The Union Pacific Railroad. Presented by: Angela Detzler
Pacific RailRoad Act
In 1862, the United States Congress passed the Pacific Railroad Act. This led to the creation of the Union Pacific. I am unable to go into great detail, being that the History of the Union Pacific is very broad. So I will try to stay close within the Economic range.
The Union Pacific was one of Americas first railroads. This was one of the biggest tasks set out for the 1860s workforce. This railroad was to span from Omaha all the way to Sacramento. At this time it was considered some of the most difficult terrain on earth. According to David McCulloch this was the work of Politicians, construction bosses, and thousands of workers.
Some of the Cost of Building the railroad
The financial economic building of this railroad was over $100,000,000 in 1860s. The government bonds, and railroad company bonds, plus stocks from private investors would cover most of the investment need to build this railroad. Most of the land was government owned land, and was sold at very low cost if work was done on the land.
The laborers were a very important aspect of the building of this railroad. Most were Chinese immigrants, and Mormons. According to Wikipedia most Chinese immigrants were brought over from Kwangtung China just to work the railroad. The Chinese immigrants would send there money back to China for their families. They had no intention on staying in America. Most of the men would get paid $2-$3 per day. According to Chinese standards that was a fortune. There were approx 3,000 Chinese and 1,700 white workers in the early 1860s. Throughout the entire railroad making process Chinese workers made up almost 90% of the workforce. This resulting in a second wave of Chinese immigration.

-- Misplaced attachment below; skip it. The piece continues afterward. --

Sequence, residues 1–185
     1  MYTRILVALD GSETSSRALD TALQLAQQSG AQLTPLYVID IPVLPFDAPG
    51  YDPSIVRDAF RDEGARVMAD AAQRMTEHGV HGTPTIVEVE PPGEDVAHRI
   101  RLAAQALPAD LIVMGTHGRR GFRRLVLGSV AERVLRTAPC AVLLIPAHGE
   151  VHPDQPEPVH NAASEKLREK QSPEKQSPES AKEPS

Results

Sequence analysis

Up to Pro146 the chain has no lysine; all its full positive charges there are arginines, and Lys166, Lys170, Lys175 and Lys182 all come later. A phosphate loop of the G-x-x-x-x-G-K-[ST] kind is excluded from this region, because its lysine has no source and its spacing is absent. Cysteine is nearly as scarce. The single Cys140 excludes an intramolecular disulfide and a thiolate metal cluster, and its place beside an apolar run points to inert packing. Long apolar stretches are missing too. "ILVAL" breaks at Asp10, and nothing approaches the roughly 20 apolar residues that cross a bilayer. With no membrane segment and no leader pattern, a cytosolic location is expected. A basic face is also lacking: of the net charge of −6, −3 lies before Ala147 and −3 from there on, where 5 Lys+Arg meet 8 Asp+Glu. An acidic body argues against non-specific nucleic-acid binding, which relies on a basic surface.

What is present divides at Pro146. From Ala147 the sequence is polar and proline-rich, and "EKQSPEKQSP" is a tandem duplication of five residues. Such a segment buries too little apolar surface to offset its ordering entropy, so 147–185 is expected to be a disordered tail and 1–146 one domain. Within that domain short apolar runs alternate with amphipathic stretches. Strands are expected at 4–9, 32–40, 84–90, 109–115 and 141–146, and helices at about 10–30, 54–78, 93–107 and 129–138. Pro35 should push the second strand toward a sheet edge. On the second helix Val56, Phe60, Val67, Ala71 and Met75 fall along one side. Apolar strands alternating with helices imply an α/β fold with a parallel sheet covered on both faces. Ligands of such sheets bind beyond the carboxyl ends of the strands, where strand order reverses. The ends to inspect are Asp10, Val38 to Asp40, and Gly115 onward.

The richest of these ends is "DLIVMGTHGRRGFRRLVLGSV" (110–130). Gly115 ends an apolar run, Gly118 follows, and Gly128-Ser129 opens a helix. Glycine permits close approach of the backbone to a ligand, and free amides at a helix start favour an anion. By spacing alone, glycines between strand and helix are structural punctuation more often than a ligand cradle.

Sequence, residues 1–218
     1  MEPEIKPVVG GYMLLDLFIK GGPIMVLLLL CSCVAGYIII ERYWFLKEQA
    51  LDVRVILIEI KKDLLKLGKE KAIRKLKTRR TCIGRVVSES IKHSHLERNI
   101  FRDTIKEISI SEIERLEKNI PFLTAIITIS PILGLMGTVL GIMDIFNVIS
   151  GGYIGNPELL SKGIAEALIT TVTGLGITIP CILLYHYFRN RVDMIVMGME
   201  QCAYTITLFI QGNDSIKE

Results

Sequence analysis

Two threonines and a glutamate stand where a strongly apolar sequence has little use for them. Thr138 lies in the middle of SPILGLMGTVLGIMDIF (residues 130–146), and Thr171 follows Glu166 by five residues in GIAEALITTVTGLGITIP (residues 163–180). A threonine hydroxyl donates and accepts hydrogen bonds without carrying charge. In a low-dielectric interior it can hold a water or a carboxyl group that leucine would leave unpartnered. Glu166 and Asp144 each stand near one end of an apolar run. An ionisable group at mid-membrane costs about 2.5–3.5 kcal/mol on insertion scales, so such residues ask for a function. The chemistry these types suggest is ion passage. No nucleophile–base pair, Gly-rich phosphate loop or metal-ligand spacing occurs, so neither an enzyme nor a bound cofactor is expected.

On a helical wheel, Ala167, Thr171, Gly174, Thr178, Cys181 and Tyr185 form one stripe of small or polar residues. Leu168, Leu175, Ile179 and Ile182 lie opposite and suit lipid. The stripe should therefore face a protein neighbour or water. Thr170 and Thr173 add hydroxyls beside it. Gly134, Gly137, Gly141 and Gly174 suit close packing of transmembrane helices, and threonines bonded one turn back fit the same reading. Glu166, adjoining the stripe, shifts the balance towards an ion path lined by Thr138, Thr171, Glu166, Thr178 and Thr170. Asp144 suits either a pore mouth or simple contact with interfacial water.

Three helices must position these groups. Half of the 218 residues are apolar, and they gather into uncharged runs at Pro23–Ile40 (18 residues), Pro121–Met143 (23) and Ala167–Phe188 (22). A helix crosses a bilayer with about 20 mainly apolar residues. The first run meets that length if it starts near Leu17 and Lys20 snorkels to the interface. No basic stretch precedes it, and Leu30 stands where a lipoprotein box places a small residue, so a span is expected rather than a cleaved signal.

As some weather conditions impacted the development of this railroad with Spring flooding, washed out rails, bridges, and telephone poles, causing at least $50,000 the first year.
The most conflict was between the railroad and the Native Americans. The Native Americans attacked Railroad workers killing hundreds at a time. This also ran up the cost of building the railroad. The government had to pay troops to guard and protect the railroad line.
According to history.com Harsh winters, staggering summer heat, Indian raids and the lawless, rough conditions of newly settled western towns made conditions for the Union Pacific laborers–mainly Civil War veterans of Irish descent–miserable. The overwhelmingly immigrant Chinese work force of the Central Pacific also had its fair share of problems, such as brutal 12-hour work days laying tracks over the Sierra Nevada Mountains. On more than one occasion, whole crews would be lost to avalanches, or mishaps with explosives would leave several dead.
Completion of the Union Pacific
In conclusion the railroad provided a huge boost in the American Economy. The Union Pacific workers were able to finish the railroad–laying nearly 2,000 miles of track–by 1869, ahead of schedule and under budget. Their work had an immediate impact: The years following the construction of the railway were years of rapid growth and expansion for the United States, due in large part to the speed and ease of travel that the railroad provide.
Google Images for all photo’s provided